Ladies Night (play)

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This article is about the 1987 New Zealand play. For the 1920 Broadway farce, see Ladies' Night (play).

Ladies' Night is a play by the New Zealand writers Stephen Sinclair and Anthony McCarten about a group of unemployed workers who develop a male strip show.


It was first performed in December 1987 at Auckland's Mercury Theatre and is the most commercially successful play in New Zealand's theatre history.[1] It had several national sell-out tours in the UK since 1990 and has been translated into sixteen languages. It continues to play worldwide to popular acclaim. In 2001, the Paris production, in a French adaptation by Jacques Collard, received the Molière Award for Best Comedy.


The first season was workshopped with the actors for month before opening, with the season rapidly selling out. Actors included Bruce Hopkins, Michael Lawrence, Shane Dawson, Nigel Harbrow, Ross Duncan and Alison Bruce.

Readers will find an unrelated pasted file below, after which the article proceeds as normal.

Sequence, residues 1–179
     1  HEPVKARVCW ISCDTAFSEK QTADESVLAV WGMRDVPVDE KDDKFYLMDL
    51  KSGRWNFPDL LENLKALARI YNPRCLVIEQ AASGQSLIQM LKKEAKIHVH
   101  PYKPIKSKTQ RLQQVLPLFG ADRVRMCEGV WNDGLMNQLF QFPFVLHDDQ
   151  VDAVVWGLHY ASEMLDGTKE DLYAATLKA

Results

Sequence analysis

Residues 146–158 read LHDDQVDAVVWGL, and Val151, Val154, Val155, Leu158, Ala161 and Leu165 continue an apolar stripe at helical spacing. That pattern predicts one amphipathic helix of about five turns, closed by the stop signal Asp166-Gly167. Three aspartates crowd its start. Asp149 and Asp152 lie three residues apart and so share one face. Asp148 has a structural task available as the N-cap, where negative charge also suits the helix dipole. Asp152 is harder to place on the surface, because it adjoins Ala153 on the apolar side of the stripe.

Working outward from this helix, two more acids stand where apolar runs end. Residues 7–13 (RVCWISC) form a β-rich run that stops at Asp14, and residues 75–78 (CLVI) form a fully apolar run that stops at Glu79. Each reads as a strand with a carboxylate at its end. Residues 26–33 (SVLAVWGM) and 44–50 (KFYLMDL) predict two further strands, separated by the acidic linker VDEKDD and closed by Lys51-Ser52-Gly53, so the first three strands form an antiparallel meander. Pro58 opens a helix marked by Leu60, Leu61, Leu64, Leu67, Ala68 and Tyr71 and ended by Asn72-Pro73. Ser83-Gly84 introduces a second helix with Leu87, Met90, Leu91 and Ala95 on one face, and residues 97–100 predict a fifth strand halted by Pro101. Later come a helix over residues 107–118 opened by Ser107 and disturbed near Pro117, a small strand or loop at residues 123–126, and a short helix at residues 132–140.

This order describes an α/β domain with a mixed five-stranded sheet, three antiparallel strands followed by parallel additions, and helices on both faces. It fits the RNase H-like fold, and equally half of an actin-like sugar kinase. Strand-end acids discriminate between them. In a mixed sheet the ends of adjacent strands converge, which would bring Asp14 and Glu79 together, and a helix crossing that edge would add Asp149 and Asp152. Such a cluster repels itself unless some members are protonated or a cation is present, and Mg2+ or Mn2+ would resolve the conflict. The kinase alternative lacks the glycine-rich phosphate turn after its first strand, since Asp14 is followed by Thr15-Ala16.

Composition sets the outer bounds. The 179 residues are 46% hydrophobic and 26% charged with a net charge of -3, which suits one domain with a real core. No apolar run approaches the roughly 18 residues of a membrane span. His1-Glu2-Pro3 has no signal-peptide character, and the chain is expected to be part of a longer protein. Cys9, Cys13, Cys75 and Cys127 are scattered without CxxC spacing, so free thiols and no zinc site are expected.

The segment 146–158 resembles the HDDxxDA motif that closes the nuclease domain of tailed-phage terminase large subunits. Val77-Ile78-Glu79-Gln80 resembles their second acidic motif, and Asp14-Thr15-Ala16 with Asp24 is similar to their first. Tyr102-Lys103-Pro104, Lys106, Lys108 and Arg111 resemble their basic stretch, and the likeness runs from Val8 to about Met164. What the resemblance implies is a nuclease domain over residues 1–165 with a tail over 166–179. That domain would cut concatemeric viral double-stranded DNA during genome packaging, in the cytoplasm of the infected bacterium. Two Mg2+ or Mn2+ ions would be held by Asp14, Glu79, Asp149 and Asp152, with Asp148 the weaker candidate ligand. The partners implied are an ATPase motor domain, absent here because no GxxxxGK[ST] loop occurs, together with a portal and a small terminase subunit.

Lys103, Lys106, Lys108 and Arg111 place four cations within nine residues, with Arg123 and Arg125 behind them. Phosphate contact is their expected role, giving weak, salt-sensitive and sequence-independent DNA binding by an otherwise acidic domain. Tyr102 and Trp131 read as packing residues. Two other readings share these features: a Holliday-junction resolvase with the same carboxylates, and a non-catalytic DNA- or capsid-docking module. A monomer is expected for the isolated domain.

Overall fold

Full Monty lawsuit[edit]

In 1998, McCarten launched a multimillion-pound lawsuit in California, US, against the producers of the 1997 film The Full Monty, which has a strikingly similar theme and was the highest-grossing British film at the time.[2] It was dismissed because the film had been made in England.[3] Their attorney was quoted as saying "I've been doing this for 40 years, and this is as solid a copyright case as I've ever seen."[4]


  1. ^ Stephen Sinclair, The Oxford Companion to New Zealand literature. Retrieved 2010-05-10. 
  2. ^ "Writers sue over The Full Monty". BBC News. 1998-03-04. Retrieved 2010-05-10. 
  3. ^ "Writers lose Full Monty copyright case". The Scotsman. June 12, 1998. Retrieved 2010-10-09. 
  4. ^ "Grumpy Old Bookman". Retrieved 2010-05-09.